A judge stops the sale of a "Wizard of Oz" dress because of a fight over who owns it.
A fight is going on between Catholic University and the family of its former drama chair over a blue-and-white dress that Judy Garland wore.
A federal judge stopped Catholic University from auctioning off a famous white-and-blue dress worn by Judy Garland in "The Wizard of Oz" on Monday. This was because a woman from Wisconsin filed a lawsuit claiming that she was the rightful owner of Dorothy's gingham pinafore.
A preliminary injunction was issued by Judge Paul G. Gardephe of the U.S. District Court in Manhattan a day before the dress was to be auctioned in Los Angeles, where it was expected to sell for more than $1 million. Catholic University had planned to use that money to fund a new faculty position at the Rome School of Music, Drama, and Art.
Judge Gardephe said that Catholic University couldn't sell the dress until the case was over. On June 9, both sides will go to court.
In her lawsuit, which was filed earlier this month, Barbara Ann Hartke says that the dress belonged to the estate of her uncle, the Rev. Gilbert Hartke, who was once the head of the university's drama department and got the dress as a gift in 1973 from the Academy Award-winning actress Mercedes McCambridge, who was also an artist in residence at the university.
The lawsuit says that Ms. McCambridge "specifically and publicly" gave Mr. Hartke the dress as a thank-you for "helping her fight alcohol and drug abuse."
Mr. Hartke died in 1986, and Ms. Hartke says that she is his closest living heir.
According to the lawsuit, Ms. McCambridge was a "close friend" of Ms. Garland, but it's not clear how she got the dress.
The university has said that Mr. Hartke gave the dress to the school as a gift and that it was his wish that it stay there.
In a statement released Monday night, Shawn Brenhouse, an attorney for Catholic University, said that the judge's decision "was preliminary and did not get to the merits of Barbara Hartke's claim to the dress."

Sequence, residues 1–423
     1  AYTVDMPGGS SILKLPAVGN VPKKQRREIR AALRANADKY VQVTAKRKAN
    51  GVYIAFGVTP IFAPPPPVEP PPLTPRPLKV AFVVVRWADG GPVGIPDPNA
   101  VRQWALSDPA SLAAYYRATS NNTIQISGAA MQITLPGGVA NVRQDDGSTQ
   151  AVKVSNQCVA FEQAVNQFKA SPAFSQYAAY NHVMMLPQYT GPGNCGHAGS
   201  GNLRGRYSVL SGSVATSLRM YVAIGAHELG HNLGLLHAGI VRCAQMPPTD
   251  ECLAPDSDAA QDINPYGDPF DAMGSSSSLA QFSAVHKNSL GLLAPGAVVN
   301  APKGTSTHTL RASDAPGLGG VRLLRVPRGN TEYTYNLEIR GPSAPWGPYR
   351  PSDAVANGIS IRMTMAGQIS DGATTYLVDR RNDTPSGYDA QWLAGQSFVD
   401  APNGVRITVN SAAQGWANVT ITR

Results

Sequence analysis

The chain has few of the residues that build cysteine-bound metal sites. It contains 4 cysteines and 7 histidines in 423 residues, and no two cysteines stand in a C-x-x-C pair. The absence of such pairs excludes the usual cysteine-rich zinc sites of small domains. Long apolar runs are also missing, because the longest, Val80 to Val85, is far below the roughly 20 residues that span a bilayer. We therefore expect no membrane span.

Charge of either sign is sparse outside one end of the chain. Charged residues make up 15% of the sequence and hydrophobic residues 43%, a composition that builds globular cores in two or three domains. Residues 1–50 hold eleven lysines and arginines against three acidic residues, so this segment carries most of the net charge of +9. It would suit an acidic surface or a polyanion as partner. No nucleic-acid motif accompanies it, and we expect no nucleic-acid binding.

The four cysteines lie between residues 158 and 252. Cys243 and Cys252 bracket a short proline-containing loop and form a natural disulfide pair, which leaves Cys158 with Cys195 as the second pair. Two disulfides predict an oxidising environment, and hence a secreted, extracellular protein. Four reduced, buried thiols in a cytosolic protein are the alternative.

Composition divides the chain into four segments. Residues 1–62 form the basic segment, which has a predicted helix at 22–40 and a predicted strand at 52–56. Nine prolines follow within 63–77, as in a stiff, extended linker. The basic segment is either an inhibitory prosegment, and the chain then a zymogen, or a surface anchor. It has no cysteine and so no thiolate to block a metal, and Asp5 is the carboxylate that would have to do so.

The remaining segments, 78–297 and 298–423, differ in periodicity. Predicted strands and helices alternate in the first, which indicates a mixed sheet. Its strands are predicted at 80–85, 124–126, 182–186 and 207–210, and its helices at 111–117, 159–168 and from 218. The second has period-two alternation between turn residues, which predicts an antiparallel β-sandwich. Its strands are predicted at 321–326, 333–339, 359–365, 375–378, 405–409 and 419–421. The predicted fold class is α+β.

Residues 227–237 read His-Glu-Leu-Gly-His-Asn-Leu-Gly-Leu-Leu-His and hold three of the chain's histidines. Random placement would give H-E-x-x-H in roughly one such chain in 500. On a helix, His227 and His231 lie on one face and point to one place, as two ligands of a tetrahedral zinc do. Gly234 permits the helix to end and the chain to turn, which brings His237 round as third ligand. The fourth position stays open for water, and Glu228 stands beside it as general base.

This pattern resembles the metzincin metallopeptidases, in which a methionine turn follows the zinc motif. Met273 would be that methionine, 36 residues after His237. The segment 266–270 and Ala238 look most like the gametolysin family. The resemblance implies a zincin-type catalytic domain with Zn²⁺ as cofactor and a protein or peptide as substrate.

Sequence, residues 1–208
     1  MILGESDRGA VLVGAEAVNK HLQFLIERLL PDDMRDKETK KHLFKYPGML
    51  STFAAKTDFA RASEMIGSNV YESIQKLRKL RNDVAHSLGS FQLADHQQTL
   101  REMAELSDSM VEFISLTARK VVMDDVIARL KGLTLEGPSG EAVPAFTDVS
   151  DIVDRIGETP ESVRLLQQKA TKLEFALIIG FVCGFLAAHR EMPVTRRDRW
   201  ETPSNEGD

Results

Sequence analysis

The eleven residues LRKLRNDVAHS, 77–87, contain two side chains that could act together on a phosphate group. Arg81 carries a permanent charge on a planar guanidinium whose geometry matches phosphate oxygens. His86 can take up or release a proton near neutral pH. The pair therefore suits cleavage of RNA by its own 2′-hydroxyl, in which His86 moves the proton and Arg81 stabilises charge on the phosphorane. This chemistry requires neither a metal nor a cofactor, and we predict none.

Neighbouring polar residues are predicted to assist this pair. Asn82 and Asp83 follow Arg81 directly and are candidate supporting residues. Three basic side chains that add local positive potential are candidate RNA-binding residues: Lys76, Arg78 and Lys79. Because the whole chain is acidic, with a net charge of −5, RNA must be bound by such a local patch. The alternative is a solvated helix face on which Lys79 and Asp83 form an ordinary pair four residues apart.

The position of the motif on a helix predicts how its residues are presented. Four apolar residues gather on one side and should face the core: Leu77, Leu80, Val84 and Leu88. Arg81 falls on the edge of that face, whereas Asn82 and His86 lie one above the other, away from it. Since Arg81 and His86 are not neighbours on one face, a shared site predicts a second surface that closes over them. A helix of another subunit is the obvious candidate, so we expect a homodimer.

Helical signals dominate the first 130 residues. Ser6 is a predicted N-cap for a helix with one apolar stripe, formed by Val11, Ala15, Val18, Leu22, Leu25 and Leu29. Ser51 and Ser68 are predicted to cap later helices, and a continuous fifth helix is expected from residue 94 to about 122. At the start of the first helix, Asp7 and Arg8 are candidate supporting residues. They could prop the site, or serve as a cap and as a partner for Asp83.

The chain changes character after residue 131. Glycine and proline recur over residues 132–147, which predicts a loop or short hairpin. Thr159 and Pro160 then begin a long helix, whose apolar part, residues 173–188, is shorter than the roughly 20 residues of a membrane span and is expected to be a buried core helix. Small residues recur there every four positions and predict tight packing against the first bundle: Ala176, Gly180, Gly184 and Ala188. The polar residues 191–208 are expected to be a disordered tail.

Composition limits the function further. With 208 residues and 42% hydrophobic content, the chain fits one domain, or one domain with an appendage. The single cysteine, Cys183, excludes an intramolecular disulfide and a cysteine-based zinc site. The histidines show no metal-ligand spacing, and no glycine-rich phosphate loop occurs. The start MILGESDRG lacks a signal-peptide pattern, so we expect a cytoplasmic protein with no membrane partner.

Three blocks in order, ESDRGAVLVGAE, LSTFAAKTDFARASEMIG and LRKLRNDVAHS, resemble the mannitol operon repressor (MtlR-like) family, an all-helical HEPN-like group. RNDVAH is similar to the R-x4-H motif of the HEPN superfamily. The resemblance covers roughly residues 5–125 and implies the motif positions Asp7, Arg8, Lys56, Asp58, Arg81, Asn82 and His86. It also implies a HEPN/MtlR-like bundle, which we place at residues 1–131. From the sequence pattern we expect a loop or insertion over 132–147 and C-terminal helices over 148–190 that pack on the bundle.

Mr. Brenhouse said, "We're looking forward to telling the court about our side of the story and the huge amount of evidence that proves Ms. Hartke's claim is false."
Anthony Scordo III, Ms. Hartke's lawyer, did not respond right away to an email I sent him on Monday night asking for his thoughts.
Since Judy Garland wore it in the Technicolor classic from 1939, when the Wicked Witch wanted ruby-red slippers to go with her plaid outfit, the dress has become a legend. Ms. Garland wore different versions of the dress, but only one is still around. In 2012, Julien's Auctions sold it for $480,000. It was sold again in 2015 for almost $1.6 million.
The second dress's location was unknown until last year, when it was found by accident in a shoe box inside a bag on top of the faculty mailboxes. Matt Ripa, who works at the drama school as a lecturer and operations manager, found the bag when he was cleaning up the area before the Hartke Theater was fixed up.
The National Museum of American History at the Smithsonian helped verify the dress. It has a fitted bodice, a high-necked blouse, and a full skirt. On the inside of the dress, there is a label that says "Judy Garland 4223."
In her lawsuit, Ms. Hartke says that the university never told her family about the discovery. They knew there was a dress, so they were shocked to read in the news that it was going to be sold at auction "without paying its rightful owners," the lawsuit says.
The lawsuit says, "There is no proof that Mr. Hartke ever gave the dress to Catholic University because there is no proof that he did."